Mr Sigve Gramstad’s speech to the Chamber of Regions of the Congress of Local and Regional Authorities of the Council of Europe

(31 May 2005, afternoon)

The European Charter for regional and minority languages

Ladies and Gentlemen, distinguished representatives of the Chamber of Regions,

It is a great honour and pleasure for me to address your Chamber. We have not forgotten that the European Charter for Regional or Minority Languages was first conceived in the Standing Conference of Local and Regional Authorities of Europe. It was on the basis of a text put forward by the Congress’ predecessor that the Charter was eventually adopted.

The Charter has since considerably moved forward. 17 European States have ratified it so far, from Armenia in the East to United Kingdom in the West, from Norway in the North to Spain in the South. 55 different regional and minority languages and more than 28 million users of such languages are covered. 14 more states have signed it. The rhythm of ratifications has slowed down in the last few years, owing in particular to the fact that ratifying the detailed provisions of the Charter may require time and sometimes leads to complicated domestic debates and revision of national legislation. However, new ratifications are expected in the near future.

One of the oustanding features of the system set up by the Charter is its monitoring mechanism. It is thanks to the work of the independent Committee of Experts, whose detailed and in-depth assessment of the implementation of the Charter is followed by the political intervention of the Committee of Ministers of the Council of Europe, that the Charter has now truly become a living instrument.

So far, the Committee of Experts has adopted twenty-two evaluation reports (compared to seven just two and a half years ago). For seven countries [Austria, Denmark, Germany, Slovenia, Spain, Sweden, and the United Kingdom] only the first evaluation report has been adopted. In seven other cases, a second monitoring round has now taken place, [Croatia, Finland, Hungary, Liechtenstein, the Netherlands, Norway and Switzerland]. All these reports which have already been considered by the Committee of Ministers have been made public and are available online1 or in paper form from the Charter's Secretariat in DGI/Directorate of Co-operation for Local and Regional Democracy. In the next months the Committee of Ministers is going to receive the second evaluation report concerning Croatia and the first evaluation report concerning Spain, including proposals for recommendations which the Committee of Ministers may consider forwarding to each country.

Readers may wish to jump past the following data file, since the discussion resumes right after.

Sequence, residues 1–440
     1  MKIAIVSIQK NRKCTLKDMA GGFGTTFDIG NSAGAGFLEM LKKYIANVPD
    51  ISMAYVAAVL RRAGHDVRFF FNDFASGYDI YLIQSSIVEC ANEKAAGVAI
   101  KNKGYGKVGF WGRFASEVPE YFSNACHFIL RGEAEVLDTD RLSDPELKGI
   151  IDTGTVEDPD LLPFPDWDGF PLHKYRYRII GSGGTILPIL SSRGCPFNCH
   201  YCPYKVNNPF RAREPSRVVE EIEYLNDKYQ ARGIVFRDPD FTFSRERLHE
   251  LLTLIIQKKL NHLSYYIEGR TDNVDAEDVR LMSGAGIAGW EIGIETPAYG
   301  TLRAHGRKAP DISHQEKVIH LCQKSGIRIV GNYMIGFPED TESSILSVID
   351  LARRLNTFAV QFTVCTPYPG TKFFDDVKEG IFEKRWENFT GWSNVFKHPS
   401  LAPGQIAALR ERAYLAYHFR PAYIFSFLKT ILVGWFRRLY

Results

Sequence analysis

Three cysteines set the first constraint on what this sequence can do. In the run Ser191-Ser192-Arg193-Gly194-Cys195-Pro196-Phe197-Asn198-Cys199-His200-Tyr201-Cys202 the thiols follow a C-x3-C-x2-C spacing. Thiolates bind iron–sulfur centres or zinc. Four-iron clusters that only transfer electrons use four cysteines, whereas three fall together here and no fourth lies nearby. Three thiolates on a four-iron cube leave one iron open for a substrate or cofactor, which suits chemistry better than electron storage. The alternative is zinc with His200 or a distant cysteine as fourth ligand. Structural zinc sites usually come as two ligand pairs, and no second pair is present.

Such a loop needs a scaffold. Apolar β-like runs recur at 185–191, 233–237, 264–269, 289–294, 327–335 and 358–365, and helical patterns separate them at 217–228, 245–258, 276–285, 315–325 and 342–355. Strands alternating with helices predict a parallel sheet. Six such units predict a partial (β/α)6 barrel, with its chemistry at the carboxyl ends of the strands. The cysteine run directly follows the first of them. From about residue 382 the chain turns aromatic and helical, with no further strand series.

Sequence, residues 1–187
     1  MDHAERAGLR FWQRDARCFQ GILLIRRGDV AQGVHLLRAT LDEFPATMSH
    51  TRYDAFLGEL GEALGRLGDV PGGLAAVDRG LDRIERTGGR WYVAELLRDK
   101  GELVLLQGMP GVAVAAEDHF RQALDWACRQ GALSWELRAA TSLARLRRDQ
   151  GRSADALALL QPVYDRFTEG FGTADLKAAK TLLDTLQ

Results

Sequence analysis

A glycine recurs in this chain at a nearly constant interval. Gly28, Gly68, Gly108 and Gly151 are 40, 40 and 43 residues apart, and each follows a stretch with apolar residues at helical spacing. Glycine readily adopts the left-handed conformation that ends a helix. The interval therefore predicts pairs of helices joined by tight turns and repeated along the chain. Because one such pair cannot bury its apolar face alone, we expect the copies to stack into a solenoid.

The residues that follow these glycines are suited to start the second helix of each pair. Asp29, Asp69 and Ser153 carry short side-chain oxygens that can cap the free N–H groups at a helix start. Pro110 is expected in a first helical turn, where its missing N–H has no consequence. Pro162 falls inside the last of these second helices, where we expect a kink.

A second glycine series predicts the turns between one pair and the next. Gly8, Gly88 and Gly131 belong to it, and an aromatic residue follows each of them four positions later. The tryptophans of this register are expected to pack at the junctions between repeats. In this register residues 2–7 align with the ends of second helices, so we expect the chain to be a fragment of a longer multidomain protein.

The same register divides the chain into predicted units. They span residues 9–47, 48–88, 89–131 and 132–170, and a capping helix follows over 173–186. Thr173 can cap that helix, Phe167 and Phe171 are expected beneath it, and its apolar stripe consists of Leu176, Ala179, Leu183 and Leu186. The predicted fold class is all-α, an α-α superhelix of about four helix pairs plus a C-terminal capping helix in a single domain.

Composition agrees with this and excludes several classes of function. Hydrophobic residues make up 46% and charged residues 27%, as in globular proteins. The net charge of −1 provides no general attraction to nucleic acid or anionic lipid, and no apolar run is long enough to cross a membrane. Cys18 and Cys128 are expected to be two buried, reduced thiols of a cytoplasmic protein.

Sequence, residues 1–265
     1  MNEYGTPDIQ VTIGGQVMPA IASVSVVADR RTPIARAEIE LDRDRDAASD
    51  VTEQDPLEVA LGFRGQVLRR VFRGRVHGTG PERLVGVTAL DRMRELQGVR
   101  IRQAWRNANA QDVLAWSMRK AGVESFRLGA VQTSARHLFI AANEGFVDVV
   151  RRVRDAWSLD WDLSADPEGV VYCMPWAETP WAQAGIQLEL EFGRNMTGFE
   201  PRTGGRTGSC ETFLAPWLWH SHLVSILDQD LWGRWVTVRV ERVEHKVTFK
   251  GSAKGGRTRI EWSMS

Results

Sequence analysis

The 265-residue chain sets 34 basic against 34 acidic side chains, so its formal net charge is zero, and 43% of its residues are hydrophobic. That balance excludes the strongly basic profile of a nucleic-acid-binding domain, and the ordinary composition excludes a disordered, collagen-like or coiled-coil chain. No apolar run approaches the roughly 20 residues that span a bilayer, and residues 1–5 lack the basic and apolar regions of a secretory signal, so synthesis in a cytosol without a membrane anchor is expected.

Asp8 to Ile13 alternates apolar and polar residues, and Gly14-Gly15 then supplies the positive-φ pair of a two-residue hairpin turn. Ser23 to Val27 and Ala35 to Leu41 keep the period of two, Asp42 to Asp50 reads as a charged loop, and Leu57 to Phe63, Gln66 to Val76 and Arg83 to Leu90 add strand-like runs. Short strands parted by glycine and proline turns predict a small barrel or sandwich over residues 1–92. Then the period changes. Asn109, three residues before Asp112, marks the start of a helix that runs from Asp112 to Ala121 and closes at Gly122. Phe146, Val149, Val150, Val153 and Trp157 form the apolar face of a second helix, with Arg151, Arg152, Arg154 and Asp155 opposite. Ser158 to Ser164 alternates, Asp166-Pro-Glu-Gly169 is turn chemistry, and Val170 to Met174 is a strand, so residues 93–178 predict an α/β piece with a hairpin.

The Committee of Experts is presently dealing with the second monitoring round for Germany and with the first monitoring rounds concerning Armenia and Slovakia. Furthermore, in the next few months it is expected to start the first evaluation round concerning Cyprus, the second round concerning Sweden and the third round concerning Norway.

It must be said, in this respect, that the too small Secretariat of the Charter is struggling to keep up with the very demanding rhythm of the monitoring mechanism.

The monitoring mechanism has in many cases initiated, even before the adoption of an evaluation report, an internal dialogue between central and regional or local authorities on the one hand and regional or minority language organisations on the other hand, not infrequently in cases where such a dialogue had not existed, or in a marginal manner, prior to the ratification of the Charter. This has fostered, inter alia, greater awareness and responsibility by all the relevant actors, both on the authorities’ and on the speakers’ side.

The functioning of the monitoring mechanism has also established a dialogue between the European mechanism and the various actors concerned, particularly State and regional or local authorities. This is also thanks to the fact that a crucial element of the monitoring process is the on-the-spot visit that we almost invariably carry out when we monitor the implementation of the Charter in a country. This means, in practice, that we shall hear the point of view of the speakers as well as of a mayor in Croatia or in Sweden, an autonomoous government in Spain or the government of a Land in Germany.